Phillip V. Caruso/HBO Helen Mirren in 'Phil Spector'

Almost immediately after Smith's press release was circulated, Whovians began speculating as to whom Twelve might be, with many fans hoping it's a woman. Dame Helen Mirren has been a popular choice, which isn't surprising as she expressed interest in the role in 2011, sending a feminist spark to Whovian brains, as have Olivia Williams ("Rushmore," "Dollhouse"), Sue Perkins ("Heading Out") and Emma Watson ("The Bling Ring," "Harry Potter"). And there's nothing stopping The Doctor from being a woman. Showrunner Steven Moffat has made it clear that The Doctor could absolutely regenerate into a woman's body, and since that possibility came to light fans have been enamored and curious about how the writers would handle a female Doctor; many believe it's high time that a woman take over the role.

Then there are others who have been clamoring for an end to the white-washing of "Doctor Who," and it seems as if fans are equally divided between wanting to see a woman in the role, and wanting to see a man of a different ethnicity. To that end, Idris Elba ("Luther," "The Wire") has been a popular prediction among fans, as has Chiwetel Ejiofor ("Children of Men"). However, some are pointing to Rupert Grint (also a "Harry Potter" alum) as a natural choice that would be a nice counterpoint to Eleven's regeneration when he said, "I'm still not ginger," a line that became controversial because the audience couldn't decide if it was supposed to be disappointment or relief that The Doctor was expressing.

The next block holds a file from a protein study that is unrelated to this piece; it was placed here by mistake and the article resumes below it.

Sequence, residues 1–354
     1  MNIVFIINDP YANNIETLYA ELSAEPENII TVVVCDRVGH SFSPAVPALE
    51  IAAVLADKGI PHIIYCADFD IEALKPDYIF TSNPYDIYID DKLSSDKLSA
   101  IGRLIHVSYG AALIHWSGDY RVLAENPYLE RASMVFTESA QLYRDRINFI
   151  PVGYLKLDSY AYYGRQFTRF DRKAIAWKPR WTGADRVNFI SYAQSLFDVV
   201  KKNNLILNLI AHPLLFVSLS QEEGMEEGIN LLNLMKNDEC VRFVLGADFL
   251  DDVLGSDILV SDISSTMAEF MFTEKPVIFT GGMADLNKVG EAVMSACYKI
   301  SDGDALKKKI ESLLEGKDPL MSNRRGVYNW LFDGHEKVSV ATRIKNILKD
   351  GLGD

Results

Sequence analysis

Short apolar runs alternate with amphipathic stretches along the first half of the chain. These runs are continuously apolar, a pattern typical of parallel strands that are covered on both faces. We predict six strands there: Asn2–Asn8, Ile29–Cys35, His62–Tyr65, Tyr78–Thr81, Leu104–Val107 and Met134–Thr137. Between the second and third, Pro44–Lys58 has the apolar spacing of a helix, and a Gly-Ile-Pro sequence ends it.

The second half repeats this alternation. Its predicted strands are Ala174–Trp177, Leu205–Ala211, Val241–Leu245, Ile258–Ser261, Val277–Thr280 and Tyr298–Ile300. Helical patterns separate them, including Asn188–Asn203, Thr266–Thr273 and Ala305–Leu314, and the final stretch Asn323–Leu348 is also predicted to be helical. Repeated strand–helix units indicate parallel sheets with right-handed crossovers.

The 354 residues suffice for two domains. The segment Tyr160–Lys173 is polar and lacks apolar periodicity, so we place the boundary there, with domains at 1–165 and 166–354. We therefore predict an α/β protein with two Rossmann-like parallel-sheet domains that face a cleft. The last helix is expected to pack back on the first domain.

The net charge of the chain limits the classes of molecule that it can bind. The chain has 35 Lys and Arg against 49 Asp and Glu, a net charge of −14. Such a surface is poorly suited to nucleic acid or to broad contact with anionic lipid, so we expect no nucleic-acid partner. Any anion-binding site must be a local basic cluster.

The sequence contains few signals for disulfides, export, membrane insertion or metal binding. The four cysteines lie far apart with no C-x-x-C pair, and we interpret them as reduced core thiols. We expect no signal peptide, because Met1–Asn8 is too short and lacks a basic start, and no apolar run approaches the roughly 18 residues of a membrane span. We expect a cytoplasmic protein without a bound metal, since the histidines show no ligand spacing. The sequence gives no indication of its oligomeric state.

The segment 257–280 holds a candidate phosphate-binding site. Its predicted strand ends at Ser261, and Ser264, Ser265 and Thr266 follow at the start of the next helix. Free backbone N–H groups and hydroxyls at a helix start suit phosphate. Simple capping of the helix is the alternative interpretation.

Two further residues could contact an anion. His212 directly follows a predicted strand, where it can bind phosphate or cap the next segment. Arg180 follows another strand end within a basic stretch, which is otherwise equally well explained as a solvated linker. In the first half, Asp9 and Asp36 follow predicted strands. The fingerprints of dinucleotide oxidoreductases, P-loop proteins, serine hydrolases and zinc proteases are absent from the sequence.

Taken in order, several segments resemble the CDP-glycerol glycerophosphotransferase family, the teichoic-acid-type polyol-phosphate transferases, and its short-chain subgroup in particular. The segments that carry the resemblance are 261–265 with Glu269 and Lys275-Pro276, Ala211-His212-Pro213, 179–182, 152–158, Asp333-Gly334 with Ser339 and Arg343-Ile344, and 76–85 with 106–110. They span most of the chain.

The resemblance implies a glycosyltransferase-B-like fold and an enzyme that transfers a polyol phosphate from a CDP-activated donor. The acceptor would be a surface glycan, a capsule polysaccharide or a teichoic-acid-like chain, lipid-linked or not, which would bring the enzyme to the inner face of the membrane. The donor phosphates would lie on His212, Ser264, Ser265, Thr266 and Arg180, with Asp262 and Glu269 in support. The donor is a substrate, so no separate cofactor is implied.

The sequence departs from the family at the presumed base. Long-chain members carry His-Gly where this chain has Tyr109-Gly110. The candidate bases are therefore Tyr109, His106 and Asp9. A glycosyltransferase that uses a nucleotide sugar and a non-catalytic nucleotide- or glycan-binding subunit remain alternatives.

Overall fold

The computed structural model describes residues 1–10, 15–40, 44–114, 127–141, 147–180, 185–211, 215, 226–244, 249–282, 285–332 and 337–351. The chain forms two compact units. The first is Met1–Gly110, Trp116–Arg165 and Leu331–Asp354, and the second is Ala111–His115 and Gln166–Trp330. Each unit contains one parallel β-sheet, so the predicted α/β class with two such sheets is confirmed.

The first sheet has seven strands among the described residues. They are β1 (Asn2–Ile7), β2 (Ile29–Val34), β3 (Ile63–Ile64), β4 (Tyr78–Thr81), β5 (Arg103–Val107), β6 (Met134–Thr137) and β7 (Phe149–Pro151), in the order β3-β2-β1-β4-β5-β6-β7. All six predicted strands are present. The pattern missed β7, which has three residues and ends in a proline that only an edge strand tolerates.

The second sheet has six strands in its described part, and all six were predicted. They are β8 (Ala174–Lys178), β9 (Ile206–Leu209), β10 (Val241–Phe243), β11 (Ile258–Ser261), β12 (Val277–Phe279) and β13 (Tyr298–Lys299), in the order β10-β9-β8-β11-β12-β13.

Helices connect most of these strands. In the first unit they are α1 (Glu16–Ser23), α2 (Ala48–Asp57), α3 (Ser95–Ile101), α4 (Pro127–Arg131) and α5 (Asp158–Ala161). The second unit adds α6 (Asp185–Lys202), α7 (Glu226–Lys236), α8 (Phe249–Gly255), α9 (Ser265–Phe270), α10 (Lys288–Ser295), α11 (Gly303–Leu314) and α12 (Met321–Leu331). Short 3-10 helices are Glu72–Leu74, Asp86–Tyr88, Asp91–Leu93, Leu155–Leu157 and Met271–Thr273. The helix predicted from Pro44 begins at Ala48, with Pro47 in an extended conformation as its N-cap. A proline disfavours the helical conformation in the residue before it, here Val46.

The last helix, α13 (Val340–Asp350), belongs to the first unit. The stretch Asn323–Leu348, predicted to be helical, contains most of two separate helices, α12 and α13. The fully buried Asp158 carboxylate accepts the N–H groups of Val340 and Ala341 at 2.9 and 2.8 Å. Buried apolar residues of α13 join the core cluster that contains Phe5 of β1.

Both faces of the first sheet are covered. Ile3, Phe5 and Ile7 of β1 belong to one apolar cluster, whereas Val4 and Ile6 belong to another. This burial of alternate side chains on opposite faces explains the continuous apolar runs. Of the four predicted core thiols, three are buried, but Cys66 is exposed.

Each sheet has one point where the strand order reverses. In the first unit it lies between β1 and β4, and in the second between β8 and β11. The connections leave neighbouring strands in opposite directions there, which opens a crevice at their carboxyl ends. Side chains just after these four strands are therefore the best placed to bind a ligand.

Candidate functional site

What is perhaps most intriguing about the fan predictions of who might be Twelve is that there are actors of all different genders, ethnicities, and ages being cited as the person fans would like to see as The Doctor. If there's another lead character of a show with that much physical flexibility, I don't know it. Certainly James Bond, another iconic British character whose 50 years on the big screen have been divided among different actors taking the role, could never be afforded this range of possibility in terms of how he's represented.

Idris Elba in 'Luther'
BBC Idris Elba in 'Luther'

Though Whovians have never been quiet with their opinions, they do place an immense amount of trust in Moffat, whose relationship with fans is best compared to that of Joss Whedon and his Whedonites, to do what is most right for the show. The worst thing that could happen is that an actor is cast as Twelve because the team behind "Doctor Who" feels pressure to pick someone in the interest of political correctness instead of in the interest of the series.

At the end of the day, the gender-neutral, multicultural casting possibilities provide "Doctor Who" with a burdensome luxury -- the gift of choice. Actors of different shapes, sizes, ethnicities, genders and levels of name recognition can audition for the role of The Doctor, and the casting team can consider every worthy candidate without fear that the perfect actor might not be right, physically, for the part. So here's hoping that the casting team embraces the fact that there are no limits or constraints when it comes to The Doctor. Except for, of course, the fact that The Doctor is British.

That's the one thing that simply cannot change.

This article is related to: Television, TV Features, Doctor Who, BBC America, Matt Smith